Dunmisk Enclosure

This site was probably originally a prehistoric earthwork, which was subsequently modified and used by an early Christian monastic community. It sits on the prow of a gravel ridge with a commanding view of the Camowen valley. When it was excavated in the mid-1980s, more than 500 graves were found, as well as the foundation trench for a rectangular timber building, probably a church. Evidence was also found of glass making and iron smelting.

Mullaghslin Rath

Mullaghslin rath sits on a small sandy hill with a view over the Camowen river valley. It consists of a roughly oval central area surrounded by two substantial earthen banks and ditches. A rath was an enclosed farmstead of prosperous farmers and aristocracy of the early Christian period. Most raths have only one enclosing bank and ditch, so the presence of two at this site indicates that people of high status might have owned it originally.

Athenree Portal Tomb

Situated near Carrickmore, 7km south of An Creagán, Athenree is a portal tomb or dolman. The tomb collapsed when one of the two stones broke, causing the large capstone to slip and swing forward. This is reputed to be one of the largest capstones on a portal tomb in Northern Ireland.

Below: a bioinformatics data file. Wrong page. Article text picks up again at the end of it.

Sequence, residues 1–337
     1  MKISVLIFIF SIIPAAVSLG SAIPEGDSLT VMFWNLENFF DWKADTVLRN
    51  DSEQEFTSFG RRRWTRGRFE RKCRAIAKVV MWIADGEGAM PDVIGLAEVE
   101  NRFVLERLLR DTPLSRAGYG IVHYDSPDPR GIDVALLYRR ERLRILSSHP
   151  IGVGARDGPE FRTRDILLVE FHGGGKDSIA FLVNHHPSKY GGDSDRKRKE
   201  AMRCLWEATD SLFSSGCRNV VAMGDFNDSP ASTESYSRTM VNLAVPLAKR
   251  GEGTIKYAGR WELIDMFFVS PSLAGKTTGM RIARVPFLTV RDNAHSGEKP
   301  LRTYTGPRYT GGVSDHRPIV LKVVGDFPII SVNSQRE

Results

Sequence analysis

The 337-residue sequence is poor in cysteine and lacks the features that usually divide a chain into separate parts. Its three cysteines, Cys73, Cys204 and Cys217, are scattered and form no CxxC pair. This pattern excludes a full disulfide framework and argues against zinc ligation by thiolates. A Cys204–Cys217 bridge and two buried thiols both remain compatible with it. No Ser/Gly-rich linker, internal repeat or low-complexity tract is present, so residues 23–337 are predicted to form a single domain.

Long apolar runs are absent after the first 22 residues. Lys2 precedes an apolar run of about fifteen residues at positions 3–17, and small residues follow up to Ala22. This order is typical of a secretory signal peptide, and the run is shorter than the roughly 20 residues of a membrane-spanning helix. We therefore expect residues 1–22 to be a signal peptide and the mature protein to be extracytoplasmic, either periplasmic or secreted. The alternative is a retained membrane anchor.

Loughmacrory Wedge Tomb

Located 3km from An Creagán, this burial chamber has a front chamber and a doorway marked by three stones, double walls made of large upright stones, and a roof constructed of flat stones. It is known as a wedge tomb because of its unusual shape and is believed to have been constructed around 4000 years ago.

St Colmcille’s Bed, Chair and Holy Well

There are few parishes in Ireland in which there is not at least one holy well and written references indicate there were once at least eight wells in the immediate vicinity of the village of Carrickmore.

Wells were often venerated in pre-Christian times, not only as dependable sources of water, but because they were believed to relieve various afflictions. The Christian church resented form of paganism at first, but as this worship was attached to long held beliefs, church authorities soon began to bless the pagan wells and other objects such as stones and trees. Because of its location on top of a rock, it is unlikely that surface water could supply St Colmcille’s holy well, yet it reputedly never dries up.

Copney Stone Circles

On the slopes of Copney Hill are eight complete or partial stone circles only recently dug out of peat. Each circle is filled with set stones, in some cases concentrically, and some with a central small cairn. There is also an alignment of low stones running down the hill. To the northwest is a cairn some 3m in diameter and 1m high with its large capstone still in place, and 100m further east is an arc of eight low stones.

Dun Ruadh